Black nurses association wins order against its founder

GULFPORT, Miss. (AP) — A minority nursing association has won a temporary restraining order against its founder in Mississippi federal court amid a lawsuit over the rights to group’s trademark, website and other intellectual property.

The Black Nurses Rock Foundation represents 174,000 African American nurses and students from the U.S., Canada, Eastern Caribbean, Japan and Germany, according to court records.

The foundation is accusing former president and CEO Romeatrius Nicole Moss of hijacking its website and social media accounts after resigning. Members say Moss, who was charged and pleaded guilty to healthcare fraud last year, has completely disabled the group’s online presence, according to court records.

She also requested the foundation pay her more than $90,000 a year in funds from donors to continue to use its trademark and other intellectual property, the foundation alleges.

U.S. District Judge Sul Ozerden of Mississippi granted the foundation’s request July 13 for a temporary restraining order and preliminary injunction against Moss preventing her from interfering with the foundation’s use or registration of any trademark, trade name, domain name, email address, social media account name, account name, or other name that comprises or includes “BLACK NURSES ROCK.”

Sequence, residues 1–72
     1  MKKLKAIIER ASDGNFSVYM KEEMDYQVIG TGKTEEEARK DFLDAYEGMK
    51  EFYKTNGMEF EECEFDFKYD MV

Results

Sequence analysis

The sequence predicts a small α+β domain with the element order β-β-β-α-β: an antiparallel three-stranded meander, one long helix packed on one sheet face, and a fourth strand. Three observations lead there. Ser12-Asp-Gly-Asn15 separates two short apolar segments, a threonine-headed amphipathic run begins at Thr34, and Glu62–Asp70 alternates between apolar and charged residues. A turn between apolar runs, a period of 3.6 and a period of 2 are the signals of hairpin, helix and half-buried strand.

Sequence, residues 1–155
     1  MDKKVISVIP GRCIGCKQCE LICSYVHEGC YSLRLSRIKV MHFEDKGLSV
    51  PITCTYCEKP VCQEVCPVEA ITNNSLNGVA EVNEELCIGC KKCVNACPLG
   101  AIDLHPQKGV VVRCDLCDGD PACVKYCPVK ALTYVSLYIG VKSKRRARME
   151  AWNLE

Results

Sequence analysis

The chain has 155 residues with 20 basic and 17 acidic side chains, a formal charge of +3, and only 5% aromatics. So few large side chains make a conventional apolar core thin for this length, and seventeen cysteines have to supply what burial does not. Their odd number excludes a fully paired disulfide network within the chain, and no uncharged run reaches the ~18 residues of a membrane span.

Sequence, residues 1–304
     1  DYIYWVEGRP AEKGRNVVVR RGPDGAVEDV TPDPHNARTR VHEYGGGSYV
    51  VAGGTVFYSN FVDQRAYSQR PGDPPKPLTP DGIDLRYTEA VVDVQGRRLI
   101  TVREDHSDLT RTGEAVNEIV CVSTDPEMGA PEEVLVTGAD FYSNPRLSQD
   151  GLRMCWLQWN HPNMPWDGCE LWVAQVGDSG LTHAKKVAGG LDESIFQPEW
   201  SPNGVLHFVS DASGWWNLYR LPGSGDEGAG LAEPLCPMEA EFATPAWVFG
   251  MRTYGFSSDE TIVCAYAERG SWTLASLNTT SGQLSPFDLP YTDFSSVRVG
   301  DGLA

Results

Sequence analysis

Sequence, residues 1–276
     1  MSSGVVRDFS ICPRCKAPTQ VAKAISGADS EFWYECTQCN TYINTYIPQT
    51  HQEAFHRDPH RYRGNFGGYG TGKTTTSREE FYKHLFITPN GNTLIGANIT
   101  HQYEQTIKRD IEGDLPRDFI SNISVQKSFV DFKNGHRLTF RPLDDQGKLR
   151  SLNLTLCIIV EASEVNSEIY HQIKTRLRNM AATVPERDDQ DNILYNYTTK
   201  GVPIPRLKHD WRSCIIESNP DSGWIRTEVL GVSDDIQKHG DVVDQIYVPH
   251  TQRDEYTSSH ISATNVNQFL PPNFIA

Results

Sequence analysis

Moss’s attorney, Brad Harrigan of New Orleans, said in a statement Monday to the Clarion Ledger that Moss is the originator of the Black Nurses Rock trademark and social media presence.

“Naturally, we disagree with the outlandish allegations in the complaint,” Harrigan said. “This is a simple trademark dispute, and we look forward to resolving this matter on the merits.”

Moss founded Black Nurses Rock Foundation in 2015 while living in Gulfport, Mississippi, the Clarion Ledger reported.

She pleaded guilty last year to criminal health care fraud in which she accepted more than $70,000 in kickbacks for referring TRICARE beneficiaries to pharmacies furnishing compounded drugs while stationed at Vance Air Force Base in Enid, Oklahoma, U.S. Attorney Timothy J. Downing of the Western District of Oklahoma said in a statement last year. TRICARE is a health insurance program for the U.S. military.

Moss is scheduled to be sentenced Aug. 10 in the health care fraud case. She faces a maximum sentence of five years in prison and a fine of up to $250,000.

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